"I come from California."
Translation:Ego a California venio.
Are you sure the noun was "California"? There are nouns that can take a bare "ablative of place from which" without needing a preposition, but those nouns all have a distinct locative form.
"Romā veniō" -- "I come from Rome"
"Romae dormiō" -- "I sleep in Rome"
"A Californiā veniō" -- "I come from California"
"In Californiā dormiō" -- "I sleep in California"
California is not a city, town or small island. It's way too big to take a locative.
Besides the names of cities, towns and small islands, there are a few other nouns for which the locative survives into the Classical period, mostly cozy nouns such as domus (home), rūs (estate), and focus (hearth).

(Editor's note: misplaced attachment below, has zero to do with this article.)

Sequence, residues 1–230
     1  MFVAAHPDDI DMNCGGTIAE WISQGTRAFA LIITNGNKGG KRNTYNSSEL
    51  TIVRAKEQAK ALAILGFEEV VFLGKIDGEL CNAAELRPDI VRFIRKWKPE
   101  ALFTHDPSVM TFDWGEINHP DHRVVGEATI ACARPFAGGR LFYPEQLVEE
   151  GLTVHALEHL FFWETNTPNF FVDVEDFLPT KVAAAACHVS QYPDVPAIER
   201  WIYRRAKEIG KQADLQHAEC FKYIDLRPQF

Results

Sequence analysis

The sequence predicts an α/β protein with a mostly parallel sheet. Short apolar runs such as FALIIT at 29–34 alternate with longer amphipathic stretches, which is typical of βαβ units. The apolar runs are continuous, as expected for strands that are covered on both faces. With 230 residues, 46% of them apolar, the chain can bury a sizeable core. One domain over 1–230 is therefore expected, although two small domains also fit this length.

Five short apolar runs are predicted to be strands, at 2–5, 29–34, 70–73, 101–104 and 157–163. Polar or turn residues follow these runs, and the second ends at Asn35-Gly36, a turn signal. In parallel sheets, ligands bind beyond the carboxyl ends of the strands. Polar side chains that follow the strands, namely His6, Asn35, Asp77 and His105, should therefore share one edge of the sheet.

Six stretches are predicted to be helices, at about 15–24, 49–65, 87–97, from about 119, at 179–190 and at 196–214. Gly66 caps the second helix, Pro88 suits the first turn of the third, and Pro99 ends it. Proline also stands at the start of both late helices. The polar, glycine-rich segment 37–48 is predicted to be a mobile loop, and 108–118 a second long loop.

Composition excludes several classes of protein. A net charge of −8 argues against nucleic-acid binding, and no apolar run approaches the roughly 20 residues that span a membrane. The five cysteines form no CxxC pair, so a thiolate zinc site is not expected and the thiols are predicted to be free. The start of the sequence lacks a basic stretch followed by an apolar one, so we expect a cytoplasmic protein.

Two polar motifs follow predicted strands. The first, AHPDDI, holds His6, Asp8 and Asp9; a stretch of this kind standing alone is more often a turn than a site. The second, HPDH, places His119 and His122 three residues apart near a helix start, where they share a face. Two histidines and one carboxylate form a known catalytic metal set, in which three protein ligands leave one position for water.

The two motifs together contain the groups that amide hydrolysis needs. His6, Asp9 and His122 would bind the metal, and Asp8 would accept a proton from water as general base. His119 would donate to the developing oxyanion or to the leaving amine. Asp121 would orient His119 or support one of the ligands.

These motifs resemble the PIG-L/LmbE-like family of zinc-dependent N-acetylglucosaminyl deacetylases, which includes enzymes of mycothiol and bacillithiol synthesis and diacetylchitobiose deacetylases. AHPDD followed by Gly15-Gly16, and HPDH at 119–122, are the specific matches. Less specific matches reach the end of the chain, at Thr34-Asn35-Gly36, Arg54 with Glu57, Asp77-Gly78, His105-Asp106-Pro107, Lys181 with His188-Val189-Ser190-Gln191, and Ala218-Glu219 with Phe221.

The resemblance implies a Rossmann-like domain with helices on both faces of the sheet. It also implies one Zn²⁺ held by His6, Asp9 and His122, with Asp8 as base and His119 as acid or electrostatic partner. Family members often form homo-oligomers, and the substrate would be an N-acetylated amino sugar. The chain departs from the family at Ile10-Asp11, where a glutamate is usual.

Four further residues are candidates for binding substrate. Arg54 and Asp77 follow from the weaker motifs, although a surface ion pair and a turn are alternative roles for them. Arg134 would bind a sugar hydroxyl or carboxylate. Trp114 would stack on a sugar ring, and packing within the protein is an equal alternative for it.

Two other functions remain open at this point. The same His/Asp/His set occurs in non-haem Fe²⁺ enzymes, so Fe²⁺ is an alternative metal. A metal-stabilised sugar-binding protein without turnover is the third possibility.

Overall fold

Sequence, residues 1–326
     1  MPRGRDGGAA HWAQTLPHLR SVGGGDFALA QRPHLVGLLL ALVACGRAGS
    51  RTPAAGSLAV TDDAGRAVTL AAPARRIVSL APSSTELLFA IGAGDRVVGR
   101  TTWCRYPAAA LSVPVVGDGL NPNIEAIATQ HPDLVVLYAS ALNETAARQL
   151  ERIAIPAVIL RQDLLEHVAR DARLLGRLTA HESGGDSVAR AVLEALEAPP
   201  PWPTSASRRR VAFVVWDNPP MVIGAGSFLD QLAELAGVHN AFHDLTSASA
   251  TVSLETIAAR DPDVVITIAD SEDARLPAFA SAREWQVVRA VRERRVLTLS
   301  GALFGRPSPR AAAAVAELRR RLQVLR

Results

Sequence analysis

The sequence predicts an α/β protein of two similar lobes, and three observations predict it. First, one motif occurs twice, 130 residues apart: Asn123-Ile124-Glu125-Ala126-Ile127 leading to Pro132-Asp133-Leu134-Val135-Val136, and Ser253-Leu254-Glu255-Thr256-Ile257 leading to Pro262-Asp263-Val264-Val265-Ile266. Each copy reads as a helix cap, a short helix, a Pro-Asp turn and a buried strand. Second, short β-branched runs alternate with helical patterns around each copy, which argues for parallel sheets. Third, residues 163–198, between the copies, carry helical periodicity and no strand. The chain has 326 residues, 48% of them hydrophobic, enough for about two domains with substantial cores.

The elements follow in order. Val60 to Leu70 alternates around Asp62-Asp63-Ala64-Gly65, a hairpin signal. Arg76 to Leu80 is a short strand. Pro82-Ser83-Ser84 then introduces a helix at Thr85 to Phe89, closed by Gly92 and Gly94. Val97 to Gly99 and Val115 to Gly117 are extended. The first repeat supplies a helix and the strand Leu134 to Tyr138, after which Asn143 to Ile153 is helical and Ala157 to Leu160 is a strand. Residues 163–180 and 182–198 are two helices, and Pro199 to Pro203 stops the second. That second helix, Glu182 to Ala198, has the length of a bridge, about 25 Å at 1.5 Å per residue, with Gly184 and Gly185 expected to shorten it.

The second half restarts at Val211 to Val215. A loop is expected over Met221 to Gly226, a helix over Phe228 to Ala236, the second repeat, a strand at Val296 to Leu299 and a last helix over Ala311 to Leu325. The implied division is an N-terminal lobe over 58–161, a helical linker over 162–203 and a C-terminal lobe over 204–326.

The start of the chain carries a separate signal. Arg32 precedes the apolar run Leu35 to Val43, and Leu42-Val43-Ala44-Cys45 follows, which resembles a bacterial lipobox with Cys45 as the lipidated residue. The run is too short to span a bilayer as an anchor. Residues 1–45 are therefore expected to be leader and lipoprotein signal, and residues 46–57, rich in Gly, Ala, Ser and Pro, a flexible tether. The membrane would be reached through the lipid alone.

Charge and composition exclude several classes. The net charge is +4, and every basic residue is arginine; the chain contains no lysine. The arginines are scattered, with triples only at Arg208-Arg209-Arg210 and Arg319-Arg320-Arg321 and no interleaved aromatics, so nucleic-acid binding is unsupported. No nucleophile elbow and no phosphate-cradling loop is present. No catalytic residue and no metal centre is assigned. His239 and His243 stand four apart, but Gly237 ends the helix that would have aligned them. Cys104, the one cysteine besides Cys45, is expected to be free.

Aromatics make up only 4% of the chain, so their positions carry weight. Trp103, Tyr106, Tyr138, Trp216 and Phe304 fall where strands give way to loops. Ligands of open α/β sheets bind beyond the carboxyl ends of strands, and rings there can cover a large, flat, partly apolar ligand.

|domus||domū / -ō||domī|
I would think that in the context of place origins, “de” would be used rather than “a/ab.”
If I am coming home from vacation in California I’d say venio a California “I am coming from CA.” But if I’m away at college and telling my roommate where I come from, I’d say venio de California “I come from CA.”
Ultimately, what I’m trying to say is that if you use “a/ab,” I think a progressive translation would work better in English: “I am coming from California.”